Every corporate environment and culture is different. People behave and perform along with their corporate cultures on a varying scale. Where 1 is a low performer and 10 is a high performer, I’ve worked with people at all levels of the scale.
I come from consulting where being a 9 or 10 in terms of performance is expected or else you’re out. I’ve also been exposed to companies that had so little structure and organization, that a 1-3 performance level was relatively normal. With this level 2 company, people simply didn’t respond to emails, didn’t arrange official meetings, didn’t have an organizational chart, and didn’t keep their word to support corporate strategic objectives.
What was my struggle? How do I go from being a 9-10 in terms of performance to tolerating the things I could not control in a 1-3 level organization? It was challenging. Everyday I had to remind myself not to compromise my level of performance. I chose to set the level that was normal for me as an example to others. There were so few opportunities to demonstrate performance, that even the smallest ones gave me great pride in my work. For example I was the fastest to turn in some required forms. I made the effort to arrange meetings when others would not. I submitted timely expense reports complete with formatting and all the bells and whistles in place to keep my Excel skills sharp.
These little jewels of performance opportunity, no matter how small, were the key to my sanity along with the constant reminder that I could maintain a standard of integrity, quality and turn around within myself. I chose to maintain my quality of work rather than lower my level. I was fortunate to have any work environment because just a few months earlier, thanks to the economic downturn, I had no job to challenge me at all. It's even more grueling for those seeking work to stay on top of their skills.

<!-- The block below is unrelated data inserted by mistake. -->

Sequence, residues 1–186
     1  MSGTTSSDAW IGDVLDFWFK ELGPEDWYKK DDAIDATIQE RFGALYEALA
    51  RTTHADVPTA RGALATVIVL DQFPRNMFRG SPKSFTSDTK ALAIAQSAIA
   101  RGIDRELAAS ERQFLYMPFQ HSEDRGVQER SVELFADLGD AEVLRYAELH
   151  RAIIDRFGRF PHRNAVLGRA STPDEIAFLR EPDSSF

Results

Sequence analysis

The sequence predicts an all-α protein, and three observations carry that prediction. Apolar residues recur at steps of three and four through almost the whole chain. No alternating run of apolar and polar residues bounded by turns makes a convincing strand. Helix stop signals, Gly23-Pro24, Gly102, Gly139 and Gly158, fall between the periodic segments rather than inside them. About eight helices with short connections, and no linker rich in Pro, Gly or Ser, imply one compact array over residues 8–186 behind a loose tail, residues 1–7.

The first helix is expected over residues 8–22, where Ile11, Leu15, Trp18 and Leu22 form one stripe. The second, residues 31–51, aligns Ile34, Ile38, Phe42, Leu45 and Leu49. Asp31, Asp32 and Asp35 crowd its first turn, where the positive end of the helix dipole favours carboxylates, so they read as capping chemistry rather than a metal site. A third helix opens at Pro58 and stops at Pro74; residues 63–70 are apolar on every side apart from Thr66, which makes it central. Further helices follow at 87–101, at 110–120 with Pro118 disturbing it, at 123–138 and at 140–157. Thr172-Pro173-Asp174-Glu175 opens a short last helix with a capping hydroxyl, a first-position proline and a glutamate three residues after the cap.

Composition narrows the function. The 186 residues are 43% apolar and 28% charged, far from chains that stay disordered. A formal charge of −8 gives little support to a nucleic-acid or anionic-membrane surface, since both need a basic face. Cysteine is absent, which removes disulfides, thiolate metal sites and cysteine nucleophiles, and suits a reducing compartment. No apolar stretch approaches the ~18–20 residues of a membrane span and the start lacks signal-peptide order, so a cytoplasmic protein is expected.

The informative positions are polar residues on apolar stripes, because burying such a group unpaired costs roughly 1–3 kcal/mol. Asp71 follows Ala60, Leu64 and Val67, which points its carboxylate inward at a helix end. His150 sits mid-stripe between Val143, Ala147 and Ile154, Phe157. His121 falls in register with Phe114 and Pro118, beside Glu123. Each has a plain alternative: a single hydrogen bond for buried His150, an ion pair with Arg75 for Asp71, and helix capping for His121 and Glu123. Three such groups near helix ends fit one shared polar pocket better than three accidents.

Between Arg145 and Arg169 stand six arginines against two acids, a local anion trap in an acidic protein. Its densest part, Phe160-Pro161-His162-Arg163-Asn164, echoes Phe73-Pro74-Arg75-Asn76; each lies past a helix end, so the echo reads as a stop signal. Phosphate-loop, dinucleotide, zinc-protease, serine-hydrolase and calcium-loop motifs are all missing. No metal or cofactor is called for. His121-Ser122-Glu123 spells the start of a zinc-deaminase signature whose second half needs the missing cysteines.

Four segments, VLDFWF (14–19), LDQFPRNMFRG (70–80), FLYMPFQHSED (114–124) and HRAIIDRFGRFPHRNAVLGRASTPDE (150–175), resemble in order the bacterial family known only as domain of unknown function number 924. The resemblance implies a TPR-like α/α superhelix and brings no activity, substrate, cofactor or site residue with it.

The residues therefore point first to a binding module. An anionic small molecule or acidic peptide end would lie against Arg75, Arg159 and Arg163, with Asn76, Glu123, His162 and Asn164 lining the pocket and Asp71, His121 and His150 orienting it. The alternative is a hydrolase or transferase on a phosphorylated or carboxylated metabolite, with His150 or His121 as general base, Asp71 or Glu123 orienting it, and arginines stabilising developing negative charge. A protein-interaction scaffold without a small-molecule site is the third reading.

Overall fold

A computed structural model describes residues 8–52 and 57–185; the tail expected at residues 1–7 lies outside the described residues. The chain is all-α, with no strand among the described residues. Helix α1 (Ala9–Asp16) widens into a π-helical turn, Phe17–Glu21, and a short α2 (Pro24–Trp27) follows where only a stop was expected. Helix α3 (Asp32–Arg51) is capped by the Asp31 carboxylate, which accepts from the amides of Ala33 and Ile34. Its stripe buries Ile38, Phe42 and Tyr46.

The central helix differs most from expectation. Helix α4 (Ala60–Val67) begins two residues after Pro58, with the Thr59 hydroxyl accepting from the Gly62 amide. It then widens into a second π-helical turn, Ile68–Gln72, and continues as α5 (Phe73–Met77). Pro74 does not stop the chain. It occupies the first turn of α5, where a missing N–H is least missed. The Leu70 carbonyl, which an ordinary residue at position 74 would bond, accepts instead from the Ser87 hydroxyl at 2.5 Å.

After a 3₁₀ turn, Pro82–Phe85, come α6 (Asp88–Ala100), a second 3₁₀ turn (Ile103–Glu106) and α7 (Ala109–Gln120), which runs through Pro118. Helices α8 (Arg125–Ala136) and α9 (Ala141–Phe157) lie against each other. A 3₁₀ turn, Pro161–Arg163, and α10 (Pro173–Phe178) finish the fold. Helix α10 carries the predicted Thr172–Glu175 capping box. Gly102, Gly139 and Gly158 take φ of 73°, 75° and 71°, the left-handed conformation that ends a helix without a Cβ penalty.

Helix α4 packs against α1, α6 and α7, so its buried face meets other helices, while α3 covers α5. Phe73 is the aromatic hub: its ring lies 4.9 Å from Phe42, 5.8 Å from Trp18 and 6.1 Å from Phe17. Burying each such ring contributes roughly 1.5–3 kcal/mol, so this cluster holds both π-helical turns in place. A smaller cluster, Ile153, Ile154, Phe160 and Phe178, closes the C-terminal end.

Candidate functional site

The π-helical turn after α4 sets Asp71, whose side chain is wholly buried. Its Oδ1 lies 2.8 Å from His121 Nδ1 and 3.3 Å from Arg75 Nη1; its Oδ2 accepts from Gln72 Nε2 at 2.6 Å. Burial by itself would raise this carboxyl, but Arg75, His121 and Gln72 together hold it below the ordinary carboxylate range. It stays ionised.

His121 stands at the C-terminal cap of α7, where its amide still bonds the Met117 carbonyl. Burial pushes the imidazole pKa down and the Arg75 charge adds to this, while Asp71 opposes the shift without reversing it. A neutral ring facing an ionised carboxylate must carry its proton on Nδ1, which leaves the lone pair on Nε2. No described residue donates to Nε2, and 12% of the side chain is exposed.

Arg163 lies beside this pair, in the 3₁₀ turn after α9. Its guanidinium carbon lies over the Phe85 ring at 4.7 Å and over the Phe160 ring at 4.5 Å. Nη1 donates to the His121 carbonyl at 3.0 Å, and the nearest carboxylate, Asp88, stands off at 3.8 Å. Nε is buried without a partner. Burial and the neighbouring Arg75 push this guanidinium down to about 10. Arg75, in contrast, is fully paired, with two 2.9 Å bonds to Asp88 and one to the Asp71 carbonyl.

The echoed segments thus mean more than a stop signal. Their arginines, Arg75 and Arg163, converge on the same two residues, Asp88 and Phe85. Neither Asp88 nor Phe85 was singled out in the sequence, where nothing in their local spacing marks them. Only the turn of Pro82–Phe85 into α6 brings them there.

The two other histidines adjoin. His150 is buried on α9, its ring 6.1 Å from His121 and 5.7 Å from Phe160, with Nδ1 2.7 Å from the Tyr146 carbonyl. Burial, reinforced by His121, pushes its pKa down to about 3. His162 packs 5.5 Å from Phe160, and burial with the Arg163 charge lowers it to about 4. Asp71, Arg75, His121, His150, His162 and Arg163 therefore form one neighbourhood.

I still feared becoming complacent and expecting a nonchalant environment. Yes, I appreciated not being stressed and learning to operate flexibly rather than being in a strict, unforgiving structure. These items in themselves are valuable skills to learn as they allow you to adapt to any environment to you enter.
When it comes to response time, though, I encourage you to be thorough and fast without compromising quality. People appreciate responses and results that help them do their jobs better and faster. If you gain a reputation for delivering, you will become a "go-to" person. I think we all want to be indispensable to some degree. In a world that lacks job security, doing what ever you can to make yourself a key team player will set you apart in the long run, plus you’ll be able to proceed through each day knowing you’ve chosen to work with excellence and integrity. That confidence in yourself will also take you a long, long way. This was just one of the many valuable lessons I learned as I discovered what elements of a work environment I liked versus those I didn’t.